The psychology professor in the AP psychology class I took told me that it's utterly impossible for me to remember anything that happened during that period of my life. He was probably correct, but still, sometimes I think I can almost remember holding onto your finger through that rubber gloved-shaped extension into my isolette. Sometimes I'm sure I remember the feel of grasping your pinkie with my left hand.

Thanks for all the twenty-four and thirty-six hour shifts you pulled at the hospital, sometimes managing to slip out for midnight mass with us, so you could be at home with us on Christmas morning to see all the exciting toys Santa left for us. You must have wanted more than anything to crawl in your bed and sleep uninterrupted for twenty-four hours, but instead, you played with us and watched us enjoy our new possessions. I remember the Christmas morning when a neighbor living across the street yelled at me to get out of the street while riding my Big Wheel because you had literally fallen asleep standing up, leaning against the garage wall. I can only imagine your level of exhaustion.

As painful as it is for me to say this, I thank you for taking me out of gymnastics. My degree of skill was exceeded by my level of common sense by a margin that made me truly a danger to myself both at the gym and anywhere else I chose to practice my stunts. You and mom had already paid my fees for half the year -- fees tha were non-refundable-- and it must have been difficult to give up over a thousand dollars' worth of free babysitting. As angry as I was at the time, I know now that I might now be brain-damaged (which some say I am, but that's another story), fully or partially paralyzed, or worse. You did what a good parent had to do. I couldn't admit it at the time, but I now can, and I thank you for it.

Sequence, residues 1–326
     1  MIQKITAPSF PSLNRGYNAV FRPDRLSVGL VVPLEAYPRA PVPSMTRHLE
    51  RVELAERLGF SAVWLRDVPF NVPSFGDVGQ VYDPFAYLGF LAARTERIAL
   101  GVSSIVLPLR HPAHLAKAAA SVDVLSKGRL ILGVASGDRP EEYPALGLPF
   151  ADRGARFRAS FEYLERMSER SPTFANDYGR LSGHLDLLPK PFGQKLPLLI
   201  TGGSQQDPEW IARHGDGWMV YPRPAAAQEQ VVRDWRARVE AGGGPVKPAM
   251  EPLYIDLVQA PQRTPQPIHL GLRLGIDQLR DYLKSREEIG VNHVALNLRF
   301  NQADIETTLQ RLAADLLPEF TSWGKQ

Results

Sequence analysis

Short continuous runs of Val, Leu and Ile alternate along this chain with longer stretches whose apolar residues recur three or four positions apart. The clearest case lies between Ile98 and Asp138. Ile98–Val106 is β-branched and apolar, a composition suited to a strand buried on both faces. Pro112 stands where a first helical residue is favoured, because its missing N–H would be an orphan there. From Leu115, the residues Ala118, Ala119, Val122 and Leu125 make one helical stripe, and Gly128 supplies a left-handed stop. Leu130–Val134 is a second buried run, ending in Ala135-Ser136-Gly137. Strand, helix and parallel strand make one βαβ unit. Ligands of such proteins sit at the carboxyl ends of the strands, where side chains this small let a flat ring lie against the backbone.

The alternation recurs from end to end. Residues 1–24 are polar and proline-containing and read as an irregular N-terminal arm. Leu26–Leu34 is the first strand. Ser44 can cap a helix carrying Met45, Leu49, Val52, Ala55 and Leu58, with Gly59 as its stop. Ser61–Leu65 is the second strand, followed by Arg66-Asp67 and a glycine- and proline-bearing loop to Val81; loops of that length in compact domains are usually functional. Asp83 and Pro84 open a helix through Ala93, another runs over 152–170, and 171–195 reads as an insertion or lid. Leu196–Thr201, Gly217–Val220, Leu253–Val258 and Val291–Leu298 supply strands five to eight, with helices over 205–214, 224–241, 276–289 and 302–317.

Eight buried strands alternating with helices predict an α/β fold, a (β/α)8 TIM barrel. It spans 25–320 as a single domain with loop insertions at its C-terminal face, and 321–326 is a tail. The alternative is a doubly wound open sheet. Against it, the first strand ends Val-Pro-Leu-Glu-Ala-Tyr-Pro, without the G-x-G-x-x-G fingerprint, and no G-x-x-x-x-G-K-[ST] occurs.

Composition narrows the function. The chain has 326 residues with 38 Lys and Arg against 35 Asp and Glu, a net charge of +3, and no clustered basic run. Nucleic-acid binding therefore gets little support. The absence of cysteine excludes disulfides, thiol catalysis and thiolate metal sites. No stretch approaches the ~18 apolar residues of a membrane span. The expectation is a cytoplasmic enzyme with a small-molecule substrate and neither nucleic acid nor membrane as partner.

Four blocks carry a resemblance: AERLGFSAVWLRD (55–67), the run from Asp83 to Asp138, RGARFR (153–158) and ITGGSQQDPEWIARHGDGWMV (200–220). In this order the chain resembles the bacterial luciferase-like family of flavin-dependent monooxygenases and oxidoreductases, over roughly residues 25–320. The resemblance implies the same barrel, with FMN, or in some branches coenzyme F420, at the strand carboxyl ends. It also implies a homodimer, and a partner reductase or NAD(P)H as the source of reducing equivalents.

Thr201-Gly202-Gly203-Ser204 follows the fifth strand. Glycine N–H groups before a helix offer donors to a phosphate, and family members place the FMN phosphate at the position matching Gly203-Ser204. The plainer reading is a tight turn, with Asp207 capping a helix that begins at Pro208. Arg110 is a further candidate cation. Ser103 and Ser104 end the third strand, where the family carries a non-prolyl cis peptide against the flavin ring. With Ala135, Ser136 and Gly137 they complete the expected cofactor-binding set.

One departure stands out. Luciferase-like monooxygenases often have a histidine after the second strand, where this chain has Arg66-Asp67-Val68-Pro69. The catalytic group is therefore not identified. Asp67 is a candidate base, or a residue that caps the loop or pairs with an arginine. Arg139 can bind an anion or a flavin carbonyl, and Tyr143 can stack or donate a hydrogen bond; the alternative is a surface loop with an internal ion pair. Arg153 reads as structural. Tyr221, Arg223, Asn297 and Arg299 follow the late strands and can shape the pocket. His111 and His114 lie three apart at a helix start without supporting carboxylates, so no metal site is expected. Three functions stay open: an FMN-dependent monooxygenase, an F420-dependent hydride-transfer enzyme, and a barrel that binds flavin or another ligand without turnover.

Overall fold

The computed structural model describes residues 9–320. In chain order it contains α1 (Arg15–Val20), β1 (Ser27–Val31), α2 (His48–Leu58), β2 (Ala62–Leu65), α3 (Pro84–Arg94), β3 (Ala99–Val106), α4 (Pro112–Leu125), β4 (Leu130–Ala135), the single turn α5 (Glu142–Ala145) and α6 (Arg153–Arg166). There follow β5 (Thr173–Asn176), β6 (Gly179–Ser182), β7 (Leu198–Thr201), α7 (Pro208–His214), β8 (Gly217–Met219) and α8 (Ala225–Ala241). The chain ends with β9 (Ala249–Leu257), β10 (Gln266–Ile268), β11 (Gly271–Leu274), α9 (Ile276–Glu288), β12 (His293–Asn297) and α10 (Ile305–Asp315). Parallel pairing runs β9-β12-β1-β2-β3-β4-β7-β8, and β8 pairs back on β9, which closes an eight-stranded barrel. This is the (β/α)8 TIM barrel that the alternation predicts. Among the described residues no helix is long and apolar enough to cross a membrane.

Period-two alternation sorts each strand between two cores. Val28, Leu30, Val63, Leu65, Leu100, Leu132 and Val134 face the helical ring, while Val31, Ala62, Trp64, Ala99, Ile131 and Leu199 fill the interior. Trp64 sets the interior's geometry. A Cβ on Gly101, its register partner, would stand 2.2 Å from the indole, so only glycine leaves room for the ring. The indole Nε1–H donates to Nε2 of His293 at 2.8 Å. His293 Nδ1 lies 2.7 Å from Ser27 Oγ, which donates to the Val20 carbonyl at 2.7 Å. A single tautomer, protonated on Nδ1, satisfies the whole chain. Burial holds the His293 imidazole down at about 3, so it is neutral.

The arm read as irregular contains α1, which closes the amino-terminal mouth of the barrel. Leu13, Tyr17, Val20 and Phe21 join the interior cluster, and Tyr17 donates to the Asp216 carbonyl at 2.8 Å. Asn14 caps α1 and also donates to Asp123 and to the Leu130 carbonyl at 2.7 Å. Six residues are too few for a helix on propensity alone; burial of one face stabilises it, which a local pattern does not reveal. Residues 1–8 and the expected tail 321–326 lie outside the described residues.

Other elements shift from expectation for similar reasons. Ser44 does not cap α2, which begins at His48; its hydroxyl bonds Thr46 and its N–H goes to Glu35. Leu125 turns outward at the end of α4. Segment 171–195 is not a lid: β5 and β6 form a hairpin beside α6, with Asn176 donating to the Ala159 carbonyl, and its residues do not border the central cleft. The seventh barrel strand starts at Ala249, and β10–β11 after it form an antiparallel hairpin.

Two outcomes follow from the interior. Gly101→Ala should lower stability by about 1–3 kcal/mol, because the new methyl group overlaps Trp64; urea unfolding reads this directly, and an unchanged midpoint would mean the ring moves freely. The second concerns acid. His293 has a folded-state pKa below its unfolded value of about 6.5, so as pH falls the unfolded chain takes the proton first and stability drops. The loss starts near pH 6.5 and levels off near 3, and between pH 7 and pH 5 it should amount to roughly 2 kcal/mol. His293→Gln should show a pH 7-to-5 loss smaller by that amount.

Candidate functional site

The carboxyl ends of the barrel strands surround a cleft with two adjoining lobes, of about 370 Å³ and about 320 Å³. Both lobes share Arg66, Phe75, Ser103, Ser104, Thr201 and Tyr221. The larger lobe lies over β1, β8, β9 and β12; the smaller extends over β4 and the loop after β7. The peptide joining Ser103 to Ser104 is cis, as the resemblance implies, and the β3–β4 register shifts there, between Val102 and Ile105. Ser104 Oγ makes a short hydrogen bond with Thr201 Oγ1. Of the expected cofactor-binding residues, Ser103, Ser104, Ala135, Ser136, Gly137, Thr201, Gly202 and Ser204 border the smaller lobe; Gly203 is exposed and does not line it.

Thank you for not always taking Matthew's side in our disputes. I have friends whose dads always side with the brothers in brother-sister arguments. (Mom tended to as well.) You didn't. You listened to both sides and usually made a fair ruling.

Thank you for staying at the hospital for so many nights when I broke my leg and collarbone last spring. I know you and mom were tired, and the recliners the hospital provided were poor substitutes for your Sleep Number bed. I probably would have been OK without you or mom there, because there were nurses and a few resident physicians still on duty in the middle of the night, but I was a lot more OK with one or both of you there to get me anything I needed.

Thanks for getting up in the middle of the night and playing your guitar for me when I have bad dreams and can't go back to sleep. Thanks for putting a little extra sugar in the grape Koolaid when you make it for me when I'm hurt or sick. (You wouldn't believe the difference in taste just that tiny extra amount of sugar makes.) Thanks for letting me take up so much DVR space with Judge Alex episodes. Thanks for making me bank most of my earnings. Thanks for hiding the rainbow sherbet so that Matthew can't eat the entire carton in one sitting before I even get a single bite
of it. Thanks for saying no and standing your ground when I ask to do something that's really not a good thing for me to do.